What a difference a couple of decades of economic boon can make.
In the late 1970s and early 1980s, critics of manatee protection efforts predicted economic ruin if environmentalists got their way and sanctuaries and speed zones were enacted. Boating and diving would be devastated. Kings Bay would close to the public.
Manatees would be saved, but at what cost, they asked.
Fast forward to today. On the steps of the Crystal River City Hall several weeks ago, manatee protection supporters who constitute the Save the Manatee Club presented the City Council, mayor and manager with a statue of a manatee calf to thank them for the community's many efforts to keep the endangered mammals safe.
Few would have predicted that such a day of congratulations could come in Crystal River. Fewer would have believed how well a protected manatee herd could fit with a flourishing business climate catering to people from all over the world who come to see and swim with manatees each winter.
For Save the Manatee officials, who had never before held a board meeting in the city that considers itself the manatee capital of the world, the visit was important.
All over Florida, lawsuits to better protect manatees filed by the club and other environmental entities have ignited a firestorm. As boating rights organizations fight against speed restrictions and other rules, Save the Manatee's executive director, Judith Vallee, wished aloud that everyone could see how well the seemingly competing interests have melded in Crystal River.
No one could agree more than Jim Kraus. As manager of the Crystal River National Wildlife Refuge, Kraus is on the front line of making sure the balancing act of protecting manatees and allowing the public to interact with them always comes out right.
"It's a fine line what we have to do to protect these creatures," Kraus said.
That can be tough sometimes, especially as crowds jam into area waters to see the rare creatures and have that once-in-a-lifetime experience. Citrus County is the only place in Florida that allows and even encourages people to swim with manatees, making that protection issue even more important.
The balance has become more difficult recently because the number of people enforcing manatee protection rules is small. Years ago, Kraus had four part-time law enforcement officers and one full-time officer; he now has only one full-time person.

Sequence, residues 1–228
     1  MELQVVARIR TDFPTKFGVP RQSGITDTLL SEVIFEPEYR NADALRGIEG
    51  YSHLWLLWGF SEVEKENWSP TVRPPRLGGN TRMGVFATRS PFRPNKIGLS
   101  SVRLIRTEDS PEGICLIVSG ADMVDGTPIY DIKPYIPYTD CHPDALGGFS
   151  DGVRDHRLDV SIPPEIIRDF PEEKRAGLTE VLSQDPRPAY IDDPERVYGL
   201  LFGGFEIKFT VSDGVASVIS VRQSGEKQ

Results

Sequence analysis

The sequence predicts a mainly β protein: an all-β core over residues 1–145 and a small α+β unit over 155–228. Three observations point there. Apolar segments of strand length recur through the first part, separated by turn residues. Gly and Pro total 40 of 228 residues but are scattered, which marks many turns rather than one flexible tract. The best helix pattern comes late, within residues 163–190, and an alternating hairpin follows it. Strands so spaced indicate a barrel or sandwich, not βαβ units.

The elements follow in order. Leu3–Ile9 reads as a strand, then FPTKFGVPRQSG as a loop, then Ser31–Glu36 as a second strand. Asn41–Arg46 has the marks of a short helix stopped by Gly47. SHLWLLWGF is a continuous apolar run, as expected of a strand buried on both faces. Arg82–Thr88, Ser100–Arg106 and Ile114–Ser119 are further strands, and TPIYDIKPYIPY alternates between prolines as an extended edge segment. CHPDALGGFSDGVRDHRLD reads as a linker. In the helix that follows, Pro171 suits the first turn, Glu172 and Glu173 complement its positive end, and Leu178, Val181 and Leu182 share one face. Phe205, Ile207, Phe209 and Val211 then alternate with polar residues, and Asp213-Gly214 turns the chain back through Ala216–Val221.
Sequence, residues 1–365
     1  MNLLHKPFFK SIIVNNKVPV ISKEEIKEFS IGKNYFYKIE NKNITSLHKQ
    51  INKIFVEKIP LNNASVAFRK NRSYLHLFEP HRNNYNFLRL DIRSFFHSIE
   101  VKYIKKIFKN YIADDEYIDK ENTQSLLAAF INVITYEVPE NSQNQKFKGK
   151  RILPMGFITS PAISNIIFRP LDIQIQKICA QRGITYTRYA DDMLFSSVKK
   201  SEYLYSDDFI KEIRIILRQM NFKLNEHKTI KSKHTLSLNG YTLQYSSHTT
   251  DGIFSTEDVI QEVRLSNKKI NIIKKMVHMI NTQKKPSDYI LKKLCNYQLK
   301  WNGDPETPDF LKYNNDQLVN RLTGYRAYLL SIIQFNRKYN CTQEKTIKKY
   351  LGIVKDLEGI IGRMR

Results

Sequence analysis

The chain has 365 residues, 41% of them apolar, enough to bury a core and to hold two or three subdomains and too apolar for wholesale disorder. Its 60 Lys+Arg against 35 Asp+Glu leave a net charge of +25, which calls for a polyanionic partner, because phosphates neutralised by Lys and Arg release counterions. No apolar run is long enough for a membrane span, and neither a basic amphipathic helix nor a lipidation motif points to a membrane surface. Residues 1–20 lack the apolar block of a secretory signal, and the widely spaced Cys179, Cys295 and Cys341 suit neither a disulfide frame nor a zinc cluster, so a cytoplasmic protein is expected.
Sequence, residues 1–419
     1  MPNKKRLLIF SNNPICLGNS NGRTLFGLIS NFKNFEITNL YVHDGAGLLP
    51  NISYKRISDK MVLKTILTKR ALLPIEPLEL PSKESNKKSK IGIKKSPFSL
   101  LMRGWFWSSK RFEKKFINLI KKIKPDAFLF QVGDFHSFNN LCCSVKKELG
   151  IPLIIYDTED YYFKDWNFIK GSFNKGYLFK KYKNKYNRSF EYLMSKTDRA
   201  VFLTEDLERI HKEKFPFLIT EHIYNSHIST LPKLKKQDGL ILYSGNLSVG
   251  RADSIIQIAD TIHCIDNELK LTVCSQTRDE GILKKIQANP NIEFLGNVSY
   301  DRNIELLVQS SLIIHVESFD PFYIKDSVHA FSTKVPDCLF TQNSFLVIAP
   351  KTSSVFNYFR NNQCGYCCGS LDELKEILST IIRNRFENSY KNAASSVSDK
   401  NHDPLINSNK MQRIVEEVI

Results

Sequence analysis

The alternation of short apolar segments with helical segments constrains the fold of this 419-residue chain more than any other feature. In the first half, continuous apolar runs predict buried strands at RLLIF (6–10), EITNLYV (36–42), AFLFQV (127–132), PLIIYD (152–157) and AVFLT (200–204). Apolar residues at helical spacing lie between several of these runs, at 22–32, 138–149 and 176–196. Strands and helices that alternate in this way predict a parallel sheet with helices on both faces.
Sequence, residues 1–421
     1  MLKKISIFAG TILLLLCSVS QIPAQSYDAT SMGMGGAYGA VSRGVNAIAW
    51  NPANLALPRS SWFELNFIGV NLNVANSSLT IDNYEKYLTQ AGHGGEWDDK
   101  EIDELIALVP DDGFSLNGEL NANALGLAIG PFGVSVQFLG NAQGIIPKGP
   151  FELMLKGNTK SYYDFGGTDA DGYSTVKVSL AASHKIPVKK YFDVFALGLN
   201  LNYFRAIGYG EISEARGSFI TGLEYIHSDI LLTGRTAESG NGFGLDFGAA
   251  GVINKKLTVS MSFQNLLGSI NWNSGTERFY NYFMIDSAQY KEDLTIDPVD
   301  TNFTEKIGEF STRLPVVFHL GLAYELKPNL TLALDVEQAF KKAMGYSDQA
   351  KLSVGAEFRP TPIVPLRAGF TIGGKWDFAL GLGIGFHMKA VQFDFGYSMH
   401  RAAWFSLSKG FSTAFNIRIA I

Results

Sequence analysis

Along with state and other local law enforcement presence in area waters, Kraus has another avenue or two for help, however. The biggest help comes from the volunteer forces of Manatee Watch.
Watch members patrol areas around Kings Bay, Crystal River and the Homosassa Blue Waters in their boats to make sure everyone out there understands the rules of interaction with manatees.
"We have an increasing reliance on that," Kraus said of the volunteers' education efforts. "It's not the total answer, but it's a help. These folks are out there acting as ambassadors."
The volunteers are easily identifiable in their U.S. Fish and Wildlife Service uniforms.
"They are a huge benefit. Like at any park, you have a sense that this is an official person doing official business," Kraus said. "I know there are visitors who we take out on the water who are very complimentary."
The volunteers aren't the only locals helping with the protection cause.
Other local boaters and waterfront property owners also participate. "There is a public presence and a peer pressure," Kraus said. "They're stakeholders, too."
The Fish and Wildlife Service office often gets calls about manatees from residents and tour boat operators, further guarding the resource.
"That makes a big difference," Kraus said. "It kind of helps keep people in bounds."
It wasn't always that way in Crystal River. What has happened here has been a natural progression, he said.
"You have to expect it to be a fairly rough road in the beginning," Kraus said. "Over time, the public becomes aware, there is enforcement, the establishment of sanctuaries and the community comes to accept that reality. . . . It does take time for those things to get established and become part of the landscape in the local mind set."
Kraus said he thought it was "natural" that Save the Manatee would come to Crystal River to share its appreciation for the tireless work done here to protect manatees.
"When you reflect back on history, this is one area where, in the long run, the ability to coexist and ultimately thrive is demonstrated," he said. "Crystal River and Citrus County obviously can be held up as a model of how it can be and how it can work in the long haul."
Barbara Behrendt can be reached at 564-3621 or behrendtsptimes.com.
Save the Manatee Club board member Matt Clemons carries a manatee sculpture from The Port Hotel & Marina in Crystal River to his waiting vehicle. The sculpture was created by Crystal River artist Jesse Dobson of Fins Tails & OdySeas Inc., and was presented to Mayor Ron Kitchen and City Manager Susan Boyer in appreciation for the city's efforts to protect manatees.: